Delivering Collective Afrodescendant Land Rights: Mutual Empowerment in Colombian State-Society Coalitions 1995-2003

Date: July 2022
Author(s): Helmer Quiñones, Noah Rosen, Jonathan Fox
Publication type: Case study
Published by: Accountability Research Center

“Sandwich strategies” are interactive processes in which reformers in government take tangible measures that reduce the risks of citizen action from below, driving virtuous circles of mutual empowerment between pro-accountability actors in state and society. This case study is one of a set of 18 published here, which are among those included in comparative analyses of whether and how sandwich strategy initiatives drive institutional change.

Colombia’s 1991 constitution created a democratic opening that led, in 1993, to Law 70. This law recognized a series of Afrocolombian rights, including the right to ethnic territories on the Pacific coast. From 1996 through 2003, Black activists from both civil society and the state sought to maximize this brief, unique window of opportunity to advance territorial rights.

Grassroots organizing and advocacy campaigning in the region included the formation of the ethnoterritorial organizations required by law to petition for collective land titles. Large-scale infrastructure projects were blocked. Community-based advocacy organizations, together with reformist government staff and technical advisors from universities, documented the ethno-historical land claims needed to formalize titling, which covered half of the region. Support from insider allies in the World Bank supported the ethnic land rights policy, funded the consultations, and then helped to offset bureaucratic obstacles.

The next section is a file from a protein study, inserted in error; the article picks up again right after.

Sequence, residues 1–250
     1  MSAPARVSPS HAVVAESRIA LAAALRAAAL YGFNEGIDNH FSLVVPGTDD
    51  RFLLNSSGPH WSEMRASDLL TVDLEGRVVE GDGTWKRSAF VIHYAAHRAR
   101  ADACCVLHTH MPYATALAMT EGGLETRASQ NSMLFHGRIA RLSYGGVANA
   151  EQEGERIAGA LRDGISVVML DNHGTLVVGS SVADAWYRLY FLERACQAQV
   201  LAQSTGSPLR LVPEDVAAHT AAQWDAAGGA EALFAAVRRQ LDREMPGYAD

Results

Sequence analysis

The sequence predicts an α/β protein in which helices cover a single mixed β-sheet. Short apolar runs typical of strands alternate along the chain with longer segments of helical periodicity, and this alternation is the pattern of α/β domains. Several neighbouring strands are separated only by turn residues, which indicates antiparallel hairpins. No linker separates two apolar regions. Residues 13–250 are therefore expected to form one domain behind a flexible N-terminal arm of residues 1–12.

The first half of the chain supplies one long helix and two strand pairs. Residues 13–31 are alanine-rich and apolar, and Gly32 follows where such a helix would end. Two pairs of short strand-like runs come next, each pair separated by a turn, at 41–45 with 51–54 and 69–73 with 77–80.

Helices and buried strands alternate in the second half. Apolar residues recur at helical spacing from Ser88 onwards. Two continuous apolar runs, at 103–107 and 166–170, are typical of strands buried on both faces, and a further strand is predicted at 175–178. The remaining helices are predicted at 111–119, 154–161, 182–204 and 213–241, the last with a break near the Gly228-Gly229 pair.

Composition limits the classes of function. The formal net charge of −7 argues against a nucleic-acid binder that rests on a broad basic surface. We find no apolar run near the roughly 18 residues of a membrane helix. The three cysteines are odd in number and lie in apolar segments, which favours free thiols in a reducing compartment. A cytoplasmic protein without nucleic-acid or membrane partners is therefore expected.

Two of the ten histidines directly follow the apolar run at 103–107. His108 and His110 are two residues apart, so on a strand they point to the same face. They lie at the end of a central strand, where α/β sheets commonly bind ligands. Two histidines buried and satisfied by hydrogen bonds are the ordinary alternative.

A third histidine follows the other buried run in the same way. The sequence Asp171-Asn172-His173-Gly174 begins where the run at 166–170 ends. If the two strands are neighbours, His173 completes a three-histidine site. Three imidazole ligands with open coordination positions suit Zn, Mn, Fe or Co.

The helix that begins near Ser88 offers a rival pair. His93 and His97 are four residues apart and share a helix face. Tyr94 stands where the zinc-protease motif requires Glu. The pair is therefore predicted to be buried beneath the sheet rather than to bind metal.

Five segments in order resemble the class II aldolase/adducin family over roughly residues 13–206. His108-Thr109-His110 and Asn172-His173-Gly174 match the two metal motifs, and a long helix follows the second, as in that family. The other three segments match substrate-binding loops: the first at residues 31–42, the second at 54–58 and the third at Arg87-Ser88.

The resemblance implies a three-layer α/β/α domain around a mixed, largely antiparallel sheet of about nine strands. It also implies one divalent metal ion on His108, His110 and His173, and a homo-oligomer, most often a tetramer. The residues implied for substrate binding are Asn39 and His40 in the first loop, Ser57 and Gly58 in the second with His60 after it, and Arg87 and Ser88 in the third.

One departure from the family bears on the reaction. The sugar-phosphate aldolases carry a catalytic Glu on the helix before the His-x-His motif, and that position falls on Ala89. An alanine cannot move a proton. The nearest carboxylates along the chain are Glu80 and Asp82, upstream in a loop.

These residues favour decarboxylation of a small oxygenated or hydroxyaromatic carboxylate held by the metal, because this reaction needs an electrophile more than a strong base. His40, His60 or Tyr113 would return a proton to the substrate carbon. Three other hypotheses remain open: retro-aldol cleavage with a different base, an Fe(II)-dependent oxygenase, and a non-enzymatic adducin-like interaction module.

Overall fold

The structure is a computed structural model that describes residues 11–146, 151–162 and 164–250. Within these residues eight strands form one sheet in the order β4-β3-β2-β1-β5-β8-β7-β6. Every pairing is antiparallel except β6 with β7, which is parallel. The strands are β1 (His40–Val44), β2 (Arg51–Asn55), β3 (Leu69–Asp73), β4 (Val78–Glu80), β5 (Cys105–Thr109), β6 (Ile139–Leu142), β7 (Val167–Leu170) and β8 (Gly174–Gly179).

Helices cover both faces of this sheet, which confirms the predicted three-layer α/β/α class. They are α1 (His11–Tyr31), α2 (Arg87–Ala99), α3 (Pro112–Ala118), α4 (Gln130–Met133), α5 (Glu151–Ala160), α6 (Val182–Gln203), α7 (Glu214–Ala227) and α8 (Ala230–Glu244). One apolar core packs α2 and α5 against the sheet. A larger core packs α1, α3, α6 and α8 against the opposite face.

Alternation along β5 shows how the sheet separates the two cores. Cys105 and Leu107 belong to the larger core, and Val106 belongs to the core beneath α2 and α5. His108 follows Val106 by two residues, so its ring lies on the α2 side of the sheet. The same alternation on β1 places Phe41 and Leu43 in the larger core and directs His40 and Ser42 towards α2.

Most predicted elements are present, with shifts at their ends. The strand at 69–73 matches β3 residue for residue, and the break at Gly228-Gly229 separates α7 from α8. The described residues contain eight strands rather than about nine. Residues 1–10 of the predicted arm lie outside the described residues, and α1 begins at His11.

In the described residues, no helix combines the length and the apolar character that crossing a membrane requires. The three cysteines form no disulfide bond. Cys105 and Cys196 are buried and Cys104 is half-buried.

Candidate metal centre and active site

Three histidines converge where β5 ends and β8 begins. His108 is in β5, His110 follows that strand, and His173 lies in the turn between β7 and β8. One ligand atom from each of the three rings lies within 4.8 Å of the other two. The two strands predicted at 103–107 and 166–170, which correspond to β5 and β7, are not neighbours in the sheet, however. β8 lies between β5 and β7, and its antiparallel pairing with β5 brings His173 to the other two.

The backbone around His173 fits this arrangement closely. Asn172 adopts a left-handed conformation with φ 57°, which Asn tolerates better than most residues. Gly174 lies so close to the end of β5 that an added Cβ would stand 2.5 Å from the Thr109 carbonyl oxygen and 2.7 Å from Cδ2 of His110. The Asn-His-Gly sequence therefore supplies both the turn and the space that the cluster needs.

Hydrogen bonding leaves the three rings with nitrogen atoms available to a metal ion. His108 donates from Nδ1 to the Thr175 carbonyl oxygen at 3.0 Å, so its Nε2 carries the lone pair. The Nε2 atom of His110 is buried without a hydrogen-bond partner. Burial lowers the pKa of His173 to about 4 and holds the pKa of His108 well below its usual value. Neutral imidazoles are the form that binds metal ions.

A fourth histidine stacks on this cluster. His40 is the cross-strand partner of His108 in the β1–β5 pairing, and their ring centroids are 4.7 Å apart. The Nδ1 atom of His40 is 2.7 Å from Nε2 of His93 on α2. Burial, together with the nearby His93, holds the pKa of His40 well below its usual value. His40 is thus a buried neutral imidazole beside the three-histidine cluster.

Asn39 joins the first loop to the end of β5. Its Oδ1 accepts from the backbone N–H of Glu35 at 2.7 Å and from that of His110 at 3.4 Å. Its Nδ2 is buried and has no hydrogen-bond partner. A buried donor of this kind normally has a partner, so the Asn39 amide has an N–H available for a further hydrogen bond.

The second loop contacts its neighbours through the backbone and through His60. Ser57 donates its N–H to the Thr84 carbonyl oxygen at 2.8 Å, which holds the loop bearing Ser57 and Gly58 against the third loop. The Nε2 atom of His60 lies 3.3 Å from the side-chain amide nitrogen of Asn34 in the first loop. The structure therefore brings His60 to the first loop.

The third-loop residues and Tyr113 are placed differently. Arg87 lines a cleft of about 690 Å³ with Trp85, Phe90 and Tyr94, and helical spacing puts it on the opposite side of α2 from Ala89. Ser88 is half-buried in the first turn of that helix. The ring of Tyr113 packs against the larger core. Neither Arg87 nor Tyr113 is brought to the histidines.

At the same time, the civil war brought violent displacement to the region. Nonetheless, between 1996 and mid-2003, the Colombian government demarcated five million hectares, titling 122 black territories to councils that represented 270,000 people. In spite of repression of grassroots leaders in the region, the 210 community land councils survive, with permanent rights over millions of acres of the Colombian Pacific.

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Noah Rosen’s research examines the intersection between social justice activism and peace processes in order to expand our understanding of just war-to-peace transitions. His PhD discussed how locally-based collective mobilization influences the outcomes of national-level inclusion mechanisms in the 2016 Colombian peace accord. He is involved in housing justice campaigns in Washington, DC and hopes to continue to build mutually enriching connections between scholarly and activist communities.

Helmer Quiñones is an Afro-descendant philosopher who studied in the Institute of Political Studies and International Relations of the National University of Colombia. Since 2005, his professional work has focused on democratization processes, institutional design, development planning, human rights, and international humanitarian law, including the field of transitional justice. Since its institutionalization in December 2016, he has coordinated the advisory team of the High-Level Forum with Ethnic Peoples (IEANPE) of the CSIVI, the main mechanism for monitoring and promoting the Ethnic Chapter of the Peace Agreement. He has also worked closely with the National Afro-Colombian Peace Council (CONPA) and its member organizations, including the Interethnic Solidarity Forum for Chocó (FISCH). Since 2018, he has been part of the research team of the Accountability Research Center in the process of monitoring the implementation of the Plan Todos Somos Pazcífico (2016–2022), a Colombian government initiative to close the gap in access to basic services for the excluded Afro-descendant population in the Colombian Pacific region. His work supports communities on the ground, including social oversight initiatives in Tumaco, Quibdó, and Buenaventura.

Jonanthan Fox is Jonathan Fox is Professor of Development Studies in the School of International Service at American University in Washington DC, where he directs the Accountability Research Center. He works with diverse civil society organizations, as well as national and international policymakers, to analyze initiatives that promote participation, transparency, and accountability. Many of his publications are accessible at: